Democrats celebrate inflation reduction bill as stocks tumble on latest data
By The Citizen on September 13, 2022
President Biden on Tuesday hosted a White House celebration to mark the passage of the sweeping Inflation Reduction Act against an unhappy backdrop: a tumbling stock market that fell on the news that consumer prices rose in August.
Biden, in remarks to a crowd of more than 1,000 people, called the bill the “single most important legislation passed in the Congress to combat inflation and one of the most significant laws in our nation’s history, in my view.”
“With this law, the American people won and special interests lost,” Biden declared.
It was a jovial mood on the South Lawn, where lawmakers, activists and administration allies gathered and musician James Taylor performed before Biden took the stage. Taylor called it a “hopeful moment” in a break between songs and urged collaboration to fight climate change.
But the party-like atmosphere masked the reality that Biden must still manage a precarious economy that threatens his positive message heading into the midterms.
The consumer price index, a closely watched gauge of inflation, rose 0.1 percent in August after staying flat in July, according to data released Tuesday by the Labor Department.
Economists expected the steady decline in gas prices throughout last month to lead to a 0.1 percent decline in monthly inflation, but prices for food, electricity and other products kept rising.
The worse than expected inflation numbers sent the stock market tumbling. The Dow Jones dropped more than 1,200 points, while the S&P 500 had its worst day since June 2020.
Inflation has for months been a thorn in the side of Biden and Democrats, providing fodder for Republican attacks and sinking Biden’s approval ratings. But with the passage of the $740 Inflation Reduction Act with all Democratic votes and months of falling gas prices, Biden and his party have finally felt like they can run on good economic news.
“We’re making progress,” Biden said of inflation, touting that gas prices have decreased. “We’re getting other prices down as well.”
The legislation has already been used as a top achievement that Democrats are pointing to on the campaign trail ahead of the midterms.
“Inflation Reduction Act, so beautifully named for all it does,” Speaker Nancy Pelosi (D-Calif.) said.
Democratic lawmakers in the audience included Sen. Joe Manchin (W.Va.) and Reps. Pramila Jayapal (Wash.), Ayanna Pressley (Mass.) and Sean Patrick Maloney (N.Y.), head of the party’s congressional campaign arm.
White House press secretary Karine Jean-Pierre said at a briefing Tuesday prior to Biden’s speech that the inflation data shows how “critical” it is that the White House host the Inflation Reduction Act event on Tuesday. She stressed that the bill is a “huge historic win” and called it a win for consumers.
Asked if the White House was concerned about a disconnect between the celebratory mood on the South Lawn and the rising prices that are a problem for many Americans, Jean-Pierre argued the focus should be on how Democrats were able to take on pharmaceutical companies to lower drug costs and bring down energy costs for families.
“That is why Democrats and this president have to do the hard work to lower costs in health care, to lower cost of prescription drugs and also energy costs as well,” she said.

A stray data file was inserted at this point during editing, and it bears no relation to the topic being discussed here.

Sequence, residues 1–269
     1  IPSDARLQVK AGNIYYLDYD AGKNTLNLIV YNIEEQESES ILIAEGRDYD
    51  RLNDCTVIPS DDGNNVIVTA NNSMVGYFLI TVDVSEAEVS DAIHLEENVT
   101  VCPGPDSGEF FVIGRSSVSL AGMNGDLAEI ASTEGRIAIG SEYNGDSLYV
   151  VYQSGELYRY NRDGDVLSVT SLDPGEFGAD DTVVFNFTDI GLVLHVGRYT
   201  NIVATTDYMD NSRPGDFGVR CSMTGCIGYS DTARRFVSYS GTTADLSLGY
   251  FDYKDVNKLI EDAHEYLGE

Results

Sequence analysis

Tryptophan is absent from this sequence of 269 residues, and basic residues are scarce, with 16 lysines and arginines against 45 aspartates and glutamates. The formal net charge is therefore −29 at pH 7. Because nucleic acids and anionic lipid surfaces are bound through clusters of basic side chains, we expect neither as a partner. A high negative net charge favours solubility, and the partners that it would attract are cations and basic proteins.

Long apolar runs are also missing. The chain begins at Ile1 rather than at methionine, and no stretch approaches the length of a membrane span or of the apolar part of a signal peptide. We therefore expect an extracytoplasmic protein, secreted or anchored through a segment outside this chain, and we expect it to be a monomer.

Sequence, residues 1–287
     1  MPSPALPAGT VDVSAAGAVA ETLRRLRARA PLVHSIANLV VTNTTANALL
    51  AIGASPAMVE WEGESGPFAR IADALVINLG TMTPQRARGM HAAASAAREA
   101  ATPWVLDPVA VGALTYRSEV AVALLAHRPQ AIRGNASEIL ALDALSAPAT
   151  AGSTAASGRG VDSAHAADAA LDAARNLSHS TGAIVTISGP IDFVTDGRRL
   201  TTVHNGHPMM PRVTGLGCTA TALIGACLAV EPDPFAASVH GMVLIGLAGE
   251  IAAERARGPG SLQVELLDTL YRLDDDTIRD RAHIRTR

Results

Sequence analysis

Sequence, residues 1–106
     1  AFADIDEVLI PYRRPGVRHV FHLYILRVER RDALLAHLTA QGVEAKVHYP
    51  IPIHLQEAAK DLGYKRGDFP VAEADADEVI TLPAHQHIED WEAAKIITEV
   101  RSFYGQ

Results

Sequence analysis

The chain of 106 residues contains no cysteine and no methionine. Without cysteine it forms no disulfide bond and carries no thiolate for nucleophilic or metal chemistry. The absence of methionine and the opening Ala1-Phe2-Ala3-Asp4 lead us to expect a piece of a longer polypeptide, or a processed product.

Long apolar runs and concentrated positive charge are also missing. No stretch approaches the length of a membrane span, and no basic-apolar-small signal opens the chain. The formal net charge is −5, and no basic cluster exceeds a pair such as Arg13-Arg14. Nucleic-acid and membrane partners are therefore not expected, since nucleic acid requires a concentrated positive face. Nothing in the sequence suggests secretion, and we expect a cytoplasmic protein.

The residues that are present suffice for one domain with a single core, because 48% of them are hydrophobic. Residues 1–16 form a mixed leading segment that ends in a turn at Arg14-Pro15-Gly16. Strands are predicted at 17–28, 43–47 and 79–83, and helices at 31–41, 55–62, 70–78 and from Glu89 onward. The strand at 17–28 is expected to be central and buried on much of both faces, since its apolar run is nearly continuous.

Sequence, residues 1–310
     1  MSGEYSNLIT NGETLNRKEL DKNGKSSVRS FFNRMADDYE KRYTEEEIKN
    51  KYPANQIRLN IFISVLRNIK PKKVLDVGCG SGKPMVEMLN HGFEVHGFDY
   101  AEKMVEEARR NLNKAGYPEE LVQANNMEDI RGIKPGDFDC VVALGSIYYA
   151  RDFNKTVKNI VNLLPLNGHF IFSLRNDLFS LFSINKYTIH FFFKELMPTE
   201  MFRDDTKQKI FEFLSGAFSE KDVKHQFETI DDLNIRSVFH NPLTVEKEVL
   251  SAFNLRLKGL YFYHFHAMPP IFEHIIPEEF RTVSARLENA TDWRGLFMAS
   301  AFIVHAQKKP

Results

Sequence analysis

Republicans, for their part, took aim.
“Biden and Democrats throwing themselves a party for raising taxes on families during a recession proves just how out-of-touch they are,” Republican National Committee Chairwoman Ronna McDaniel said in a statement.
“After ramming through the Bidenflation Scam bill under the guise of reducing inflation it is clear Democrats don’t care about lying to the American people, they only care about power,” McDaniel said. “This November, voters will be the ones celebrating when Democrats are voted out.”
Biden officially signed the bill at a smaller event at the White House last month, handing the first pen off to Manchin. The bill was passed via the reconciliation process, garnering zero Republican votes in either chamber of Congress.
Senate Majority Leader Charles Schumer (D-N.Y.) called out Republicans for not voting for the bill, accusing them of focusing on abortion issues as opposed to high inflation, which drew “boos” from the audience.
“That’s the difference between the two parties in a nutshell,” the leader said.
Biden also called out Republicans for not voting for this legislation, despite bipartisan efforts on other bills such as the infrastructure law and the CHIPS Act.
The legislation, which was more than a year in the making, was significantly slimmed down from the original $3.5 trillion package some envisioned last fall but nevertheless represents an undeniable win for Biden and Democrats in Congress that includes some of Biden’s key campaign promises.
By 2030, the law is expected to bring U.S. planet-warming emissions down to lower than they were in 2005 through many of its provisions to promote the deployment of clean energy. It also contains provisions that boost fossil fuels, which were included to secure the support of Manchin.
Additionally, it will allow Medicare to negotiate prices for some drugs and shore up health insurance subsidies, giving Democrats a victory over a pharmaceutical industry that has long opposed such measures.